This person holds this view based on selection of key experiences and all this evidence supports their belief. If you argue with this person they will keep showing you the evidence and as we all know, evidence can be convincing…

Only just like our red Smartie experiment, this negative belief has been formed through a faulty selection process.  There is always so much more evidence available but without consciously realising it, their mind has put in place a bias that ensures they continue to select only the information that supports their belief.   The equivalent of us only selecting red smarties.  

In our classroom, we would have continued to all select red smarties regardless of how many times we repeated the experiment for as long as that system was in place.  Left unchallenged ,we would continue to build evidence for the claim that all smarties in the world are red.  The same applies to our thinking. 

To unlock self-belief we need to disrupt the thinking system on which the beliefs are built. And that starts with getting curious…

  1. What are the fixed, negative beliefs being presented and when are they showing up? 

When supporting employees, it is important to get to know their default thinking which can be done through observation of explicit and more subtle indicators - words, actions, responses, body language…

  1. Where does the evidence come from to support these beliefs? 

Explore this with staff through powerful and compassionate questioning.  Could it be past experiences? others? the current organisational culture? It is important to remain non-judgmental and not be too quick to jump in with solutions.  Self-belief is built gently and incrementally and can only be driven by the person themselves.  Your role is to open up their mind and invite them to reflect.

  1. What alternative evidence is there?  

Use alternative Smartie representations to remind yourself what key questions to ask. Red represents fears of what might go wrong and beliefs around not being good enough but what could the other colours represent?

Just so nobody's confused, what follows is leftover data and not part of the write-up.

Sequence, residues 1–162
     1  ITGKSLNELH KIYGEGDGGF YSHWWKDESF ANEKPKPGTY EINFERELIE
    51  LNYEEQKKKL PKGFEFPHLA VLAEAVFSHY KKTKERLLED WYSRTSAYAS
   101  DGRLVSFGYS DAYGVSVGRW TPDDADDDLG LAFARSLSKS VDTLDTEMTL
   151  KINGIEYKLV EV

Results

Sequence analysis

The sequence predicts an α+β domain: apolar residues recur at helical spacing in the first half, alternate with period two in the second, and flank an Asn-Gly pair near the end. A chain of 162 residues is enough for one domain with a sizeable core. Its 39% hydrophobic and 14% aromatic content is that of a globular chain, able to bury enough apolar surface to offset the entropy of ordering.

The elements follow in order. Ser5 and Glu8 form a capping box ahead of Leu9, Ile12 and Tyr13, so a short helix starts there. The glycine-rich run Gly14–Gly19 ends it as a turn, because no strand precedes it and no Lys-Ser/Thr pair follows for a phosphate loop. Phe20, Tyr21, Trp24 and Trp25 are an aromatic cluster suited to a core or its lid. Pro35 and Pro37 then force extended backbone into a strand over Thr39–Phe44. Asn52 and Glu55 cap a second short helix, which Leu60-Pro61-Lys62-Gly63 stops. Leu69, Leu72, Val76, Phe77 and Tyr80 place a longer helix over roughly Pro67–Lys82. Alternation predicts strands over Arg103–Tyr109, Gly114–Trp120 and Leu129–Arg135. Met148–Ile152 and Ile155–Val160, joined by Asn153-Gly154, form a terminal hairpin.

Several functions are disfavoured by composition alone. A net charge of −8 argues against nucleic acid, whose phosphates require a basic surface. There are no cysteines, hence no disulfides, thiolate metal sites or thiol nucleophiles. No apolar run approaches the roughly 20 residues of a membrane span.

Yellow - when have things gone well previously? 

Orange - what’s your unique attribute? How can you apply this?

Blue - what’s the view from above? (take a step back and see the bigger picture)

Green - where is the opportunity for growth?  What’s need to support this growth?

Pink - who cares for and supports you?  Can you ask them for help?

Brown - if it all goes wrong, what would really happen? (we tend to concentrate heavily on ‘what ifs’ and bad outcomes, elevating their impact so reminding ourselves that the outcome might be temporary and mild discomfort is very powerful.

We have in the region of 60,000 thoughts a day and we cannot possibly analyse them all.  Our brains naturally filter out a selection of these thoughts and since we are hard-wired to scan for threats it is inevitably that negatives become the key focus.  Recognising positives is something we have to choose to do consciously.

The Red Smarties Principle serves as a thinking prompt.  Our negative thoughts are the red smarties and they are just one of many possible options.  We may get a red Smartie sometimes and that’s OK. But let’s not pick the red Smartie every time…